Upcoming Events

Tuesday, October 31, 2017

BurlsHoovesandShells on a Pedestal of Conglomerates

BurlsHoovesandShells on a Pedestal of Conglomerates
  • September 22, 2017 6:00 PM To December 9, 2017 5:00 PM

In a site-specific installation commissioned by the Visual Arts Center, Larry Bamburg, the Fall 2017 Artist-in-Residence, pursues a process of making that is determined by an arbitrary set of rules to build a structure as tall as possible using a collection of like materials: burls, hooves and shells.

Admission: N/A

Visual Arts Center

Fool's Romance / Books from Aeromoto

Fool's Romance / Books from Aeromoto
  • September 22, 2017 6:00 PM To December 9, 2017 5:00 PM

This exhibition presents over 300 artists' books from Mexico City-based non-profit art library Aeromoto in a setting made conducive to perusal and discovery by greenery, couches, and hammocks.

Admission: N/A

Visual Arts Center

Type Hike

Type Hike
  • October 5, 2017 5:00 PM To January 27, 2018 7:00 PM

The Courtyard Gallery presents an exhibition of posters designed by Type Hike: a collaborative nonprofit design project that supports the outdoors through typography.

Admission: N/A

Courtyard Gallery

Conversation with Carol Mavor, author of Aurelia: Art and Literature through the Mouth of the Fairy Tale

Conversation with Carol Mavor, author of <cite>Aurelia: Art and Literature through the Mouth of the Fairy Tale</cite>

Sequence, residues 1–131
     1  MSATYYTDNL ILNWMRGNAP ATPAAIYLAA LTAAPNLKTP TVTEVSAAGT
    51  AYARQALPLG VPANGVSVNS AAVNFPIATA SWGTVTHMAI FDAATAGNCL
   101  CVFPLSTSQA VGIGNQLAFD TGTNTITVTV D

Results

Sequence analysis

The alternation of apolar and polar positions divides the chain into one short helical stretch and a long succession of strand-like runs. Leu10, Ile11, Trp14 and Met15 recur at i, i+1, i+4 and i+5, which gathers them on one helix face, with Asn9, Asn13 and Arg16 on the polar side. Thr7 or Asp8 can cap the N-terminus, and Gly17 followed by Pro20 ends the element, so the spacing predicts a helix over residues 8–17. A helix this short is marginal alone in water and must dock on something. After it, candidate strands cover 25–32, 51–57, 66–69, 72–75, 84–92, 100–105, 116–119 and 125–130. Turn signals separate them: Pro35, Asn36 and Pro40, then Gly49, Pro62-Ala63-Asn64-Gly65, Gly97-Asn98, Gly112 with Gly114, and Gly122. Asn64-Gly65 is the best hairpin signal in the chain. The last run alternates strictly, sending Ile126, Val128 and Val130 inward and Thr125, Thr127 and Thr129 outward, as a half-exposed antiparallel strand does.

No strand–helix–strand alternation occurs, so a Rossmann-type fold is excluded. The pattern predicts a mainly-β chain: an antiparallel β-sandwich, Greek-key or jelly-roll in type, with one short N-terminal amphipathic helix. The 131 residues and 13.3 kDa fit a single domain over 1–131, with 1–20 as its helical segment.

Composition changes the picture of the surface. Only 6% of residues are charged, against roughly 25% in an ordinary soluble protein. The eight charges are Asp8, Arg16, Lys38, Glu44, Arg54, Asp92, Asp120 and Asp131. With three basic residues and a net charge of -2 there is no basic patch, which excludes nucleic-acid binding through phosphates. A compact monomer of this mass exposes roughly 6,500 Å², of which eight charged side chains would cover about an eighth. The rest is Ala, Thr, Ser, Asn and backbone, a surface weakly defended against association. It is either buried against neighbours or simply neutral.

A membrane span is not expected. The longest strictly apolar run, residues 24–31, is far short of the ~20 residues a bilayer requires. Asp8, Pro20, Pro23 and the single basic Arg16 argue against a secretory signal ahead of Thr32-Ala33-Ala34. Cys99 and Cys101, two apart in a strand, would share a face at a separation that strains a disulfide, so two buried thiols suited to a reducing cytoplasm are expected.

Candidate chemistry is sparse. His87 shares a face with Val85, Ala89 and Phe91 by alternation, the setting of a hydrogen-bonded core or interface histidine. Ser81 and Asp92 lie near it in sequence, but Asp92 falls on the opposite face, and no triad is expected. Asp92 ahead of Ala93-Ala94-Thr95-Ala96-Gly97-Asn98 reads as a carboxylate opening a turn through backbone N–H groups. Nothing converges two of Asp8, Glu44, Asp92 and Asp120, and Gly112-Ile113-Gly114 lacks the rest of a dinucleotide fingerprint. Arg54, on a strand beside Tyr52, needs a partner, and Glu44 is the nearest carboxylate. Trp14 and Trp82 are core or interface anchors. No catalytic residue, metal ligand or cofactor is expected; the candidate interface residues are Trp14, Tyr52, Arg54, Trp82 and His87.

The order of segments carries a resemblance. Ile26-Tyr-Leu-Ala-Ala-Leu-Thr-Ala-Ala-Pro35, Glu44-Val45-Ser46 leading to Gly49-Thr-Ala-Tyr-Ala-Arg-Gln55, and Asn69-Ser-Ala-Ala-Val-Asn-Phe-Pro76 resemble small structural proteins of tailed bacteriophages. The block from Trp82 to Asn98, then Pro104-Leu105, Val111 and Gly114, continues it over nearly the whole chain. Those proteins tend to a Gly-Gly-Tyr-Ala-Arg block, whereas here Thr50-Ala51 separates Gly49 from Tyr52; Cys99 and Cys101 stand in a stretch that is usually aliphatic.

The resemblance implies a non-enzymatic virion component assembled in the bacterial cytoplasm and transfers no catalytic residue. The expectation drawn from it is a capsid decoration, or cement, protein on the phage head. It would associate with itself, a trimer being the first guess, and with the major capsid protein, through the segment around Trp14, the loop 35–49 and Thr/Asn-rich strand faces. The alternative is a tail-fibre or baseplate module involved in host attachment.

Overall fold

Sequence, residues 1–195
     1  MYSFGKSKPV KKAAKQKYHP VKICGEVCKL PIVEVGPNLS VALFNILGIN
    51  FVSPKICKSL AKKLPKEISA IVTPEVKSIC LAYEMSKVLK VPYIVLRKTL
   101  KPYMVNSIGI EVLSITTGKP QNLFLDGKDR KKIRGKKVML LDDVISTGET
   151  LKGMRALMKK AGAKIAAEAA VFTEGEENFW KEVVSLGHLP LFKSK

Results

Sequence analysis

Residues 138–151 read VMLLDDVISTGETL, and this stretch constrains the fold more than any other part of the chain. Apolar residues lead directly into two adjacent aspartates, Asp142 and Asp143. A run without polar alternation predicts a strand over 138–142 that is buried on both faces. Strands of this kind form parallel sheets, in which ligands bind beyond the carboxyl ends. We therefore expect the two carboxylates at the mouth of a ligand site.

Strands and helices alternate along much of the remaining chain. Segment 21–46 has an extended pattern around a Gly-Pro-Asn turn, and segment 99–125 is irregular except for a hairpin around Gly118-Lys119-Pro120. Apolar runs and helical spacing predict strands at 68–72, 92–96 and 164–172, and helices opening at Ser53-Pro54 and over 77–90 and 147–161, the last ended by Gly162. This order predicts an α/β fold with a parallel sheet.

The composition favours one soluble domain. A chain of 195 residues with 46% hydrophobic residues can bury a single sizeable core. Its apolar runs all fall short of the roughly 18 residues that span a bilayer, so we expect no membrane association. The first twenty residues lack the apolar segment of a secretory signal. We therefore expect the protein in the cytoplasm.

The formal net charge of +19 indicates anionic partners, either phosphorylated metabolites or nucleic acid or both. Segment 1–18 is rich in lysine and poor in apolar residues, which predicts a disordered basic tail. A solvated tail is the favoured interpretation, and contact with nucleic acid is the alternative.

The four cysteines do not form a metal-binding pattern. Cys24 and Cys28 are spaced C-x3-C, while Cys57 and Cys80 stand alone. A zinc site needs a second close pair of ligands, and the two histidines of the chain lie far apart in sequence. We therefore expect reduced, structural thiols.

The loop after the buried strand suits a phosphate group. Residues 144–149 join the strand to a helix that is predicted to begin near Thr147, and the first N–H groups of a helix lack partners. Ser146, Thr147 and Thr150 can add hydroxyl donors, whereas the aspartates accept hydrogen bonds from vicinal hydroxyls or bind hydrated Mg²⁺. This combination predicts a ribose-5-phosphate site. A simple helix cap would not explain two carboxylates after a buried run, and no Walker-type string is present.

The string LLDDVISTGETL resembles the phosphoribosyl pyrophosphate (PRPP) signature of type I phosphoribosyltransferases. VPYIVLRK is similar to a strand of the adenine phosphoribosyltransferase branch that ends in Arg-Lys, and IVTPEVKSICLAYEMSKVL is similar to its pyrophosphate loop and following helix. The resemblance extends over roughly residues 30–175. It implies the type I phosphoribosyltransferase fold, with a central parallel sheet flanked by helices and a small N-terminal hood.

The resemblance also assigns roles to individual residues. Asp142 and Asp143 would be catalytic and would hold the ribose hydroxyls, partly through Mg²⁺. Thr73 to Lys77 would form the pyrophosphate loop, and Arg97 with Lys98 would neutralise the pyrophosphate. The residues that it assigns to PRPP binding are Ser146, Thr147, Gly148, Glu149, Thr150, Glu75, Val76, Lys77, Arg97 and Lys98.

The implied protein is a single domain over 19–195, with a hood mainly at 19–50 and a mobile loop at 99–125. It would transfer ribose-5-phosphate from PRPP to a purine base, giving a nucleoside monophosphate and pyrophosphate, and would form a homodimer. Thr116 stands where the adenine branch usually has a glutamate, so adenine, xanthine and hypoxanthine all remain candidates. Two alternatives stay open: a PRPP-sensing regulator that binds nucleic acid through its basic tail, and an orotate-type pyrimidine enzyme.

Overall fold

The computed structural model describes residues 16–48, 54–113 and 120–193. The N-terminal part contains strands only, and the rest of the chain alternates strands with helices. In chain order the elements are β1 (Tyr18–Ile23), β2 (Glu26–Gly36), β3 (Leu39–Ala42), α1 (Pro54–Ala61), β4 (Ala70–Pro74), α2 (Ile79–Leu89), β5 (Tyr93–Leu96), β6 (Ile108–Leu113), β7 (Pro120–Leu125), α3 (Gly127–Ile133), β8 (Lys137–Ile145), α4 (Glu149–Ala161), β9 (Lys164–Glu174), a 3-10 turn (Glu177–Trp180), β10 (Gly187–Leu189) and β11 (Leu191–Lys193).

• October 31, 2017 3:30 PM

Leslie Waggoner Professor in Sculpture Amy Hauft will lead a conversation with Carol Mavor, art historian and author of "Aurelia: Art and Literature through the Mouth of the Fairy Tale." Mavor takes special interest in the fairy tale’s gastronomy, including Alice’s Wonderland cake marked eat me, the sugar of the witch’s house in "Hansel and Gretel" and the more disturbing ingestions of cannibalism, as in the Brothers Grimm’s "The Juniper Tree", where a murdered boy sings through the mouth of a bird: "My mother she killed me. My father he ate me."

Moving beyond this, Mavor discovers the fairy-tale realm in more surprising places: the tragic candy-land poetry of the 1950s "genius" child-poet Minou Drouet; the subterranean world of enchantment in the cave paintings of Lascaux; the brown fairies of African American poet Langston Hughes; and Miwa Yanagi’s black-and-white, bloody photograph of the Grandmother and Little Red Riding Hood holding one another in the cut open belly of the wolf, as an allegory of the victims of Hiroshima. Through the lens of the fairy tale Mavor reads the world of literature and art as both magical and political.

Carol Mavor is Professor of Art History and Visual Culture at the University of Manchester, England. As a writer who takes creative risks in form (literary and experimental) and political risks in content (sexuality, racial hatred, child-loving and the maternal), she has published widely on photography, cinema, colour and childhood. All her books, including Blue Mythologies: Reflections on a Colour (Reaktion, 2013), are richly illustrated with an eye on design. Her most recent monograph, Aurelia: Art and Literature through the Mouth of the Fairy Tale (Reaktion, 2017), is splashed with plenty of aurelian gold metallic ink and is perhaps the most beautiful of Mavor’s publications: indeed, it is an ‘artist’s book’.

Admission: N/A

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